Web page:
What Is the Difference Between Working from Home and Telecommuting?
Working remotely essentially means that you can do your job from anywhere. Technically speaking, this can be considered as telecommuting too. However, quite often, remote workers do not live in the same city as the physical location of the company they work for.
Without geographical limitations, companies can hire employees from anywhere in the world. Moreover, employers do not have to meet their team in person. Remote workers are only expected to appear in virtual meetings and not in the actual office. The top jobs for remote work are ideal for people who travel a lot, for stay-at-home parents, and for those who prefer a flexible schedule. If you’re comfortable with the idea of having little interaction with managers and co-workers, then you may thrive in this setup.
Now, the work setup is a bit different for telecommuters. In most cases, they live relatively close to the physical location of the company they work for. As such, they are expected to be present in important meetings or corporate social gatherings. Some companies allow a flexible work schedule for their employees, but they still have to show up in the office once or several days in a week. They can work from home, but they can also explore other options like co-working spaces.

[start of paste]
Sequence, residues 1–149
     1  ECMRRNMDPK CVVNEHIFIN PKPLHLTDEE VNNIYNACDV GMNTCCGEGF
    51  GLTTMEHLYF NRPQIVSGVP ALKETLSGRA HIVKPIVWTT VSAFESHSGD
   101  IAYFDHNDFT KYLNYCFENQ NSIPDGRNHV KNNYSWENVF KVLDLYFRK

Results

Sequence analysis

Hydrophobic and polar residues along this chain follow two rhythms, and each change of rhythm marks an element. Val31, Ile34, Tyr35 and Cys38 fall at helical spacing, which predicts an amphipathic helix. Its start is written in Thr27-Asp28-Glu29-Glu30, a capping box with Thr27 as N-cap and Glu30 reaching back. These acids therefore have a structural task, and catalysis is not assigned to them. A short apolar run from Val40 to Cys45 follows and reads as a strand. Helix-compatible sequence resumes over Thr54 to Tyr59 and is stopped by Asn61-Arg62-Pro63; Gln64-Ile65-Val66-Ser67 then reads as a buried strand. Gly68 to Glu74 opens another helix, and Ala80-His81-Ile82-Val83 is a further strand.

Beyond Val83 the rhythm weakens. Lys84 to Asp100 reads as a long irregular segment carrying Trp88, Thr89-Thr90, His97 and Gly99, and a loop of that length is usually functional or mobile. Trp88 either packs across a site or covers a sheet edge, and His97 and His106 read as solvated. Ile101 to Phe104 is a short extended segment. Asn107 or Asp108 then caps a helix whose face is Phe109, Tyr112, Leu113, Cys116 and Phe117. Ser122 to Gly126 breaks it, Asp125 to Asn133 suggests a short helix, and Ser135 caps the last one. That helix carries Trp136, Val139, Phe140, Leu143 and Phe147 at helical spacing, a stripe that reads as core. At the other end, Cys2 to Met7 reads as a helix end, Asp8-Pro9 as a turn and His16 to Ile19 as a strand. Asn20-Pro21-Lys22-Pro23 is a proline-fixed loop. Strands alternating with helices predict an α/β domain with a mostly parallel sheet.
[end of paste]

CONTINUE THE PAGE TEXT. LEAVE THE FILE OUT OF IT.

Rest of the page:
People often confuse telecommuting with remote work. However, usually, the former is a little bit less flexible. Moreover, telecommuting still requires some commitment of physical presence from the employee. Despite that, it still offers several benefits for both managers and team members.
What Are the Reasons for Telecommuting?
A study conducted by a Harvard Business School professor reported the benefits that the U.S. Patent Office experienced when it allowed telecommuting. The research discovered that allowing remote work—even at least once a week—led to higher productivity. Employees who were allowed to telecommute were more efficient by 4.4%–a benefit that could contribute to around $1.3 billion to the annual economy.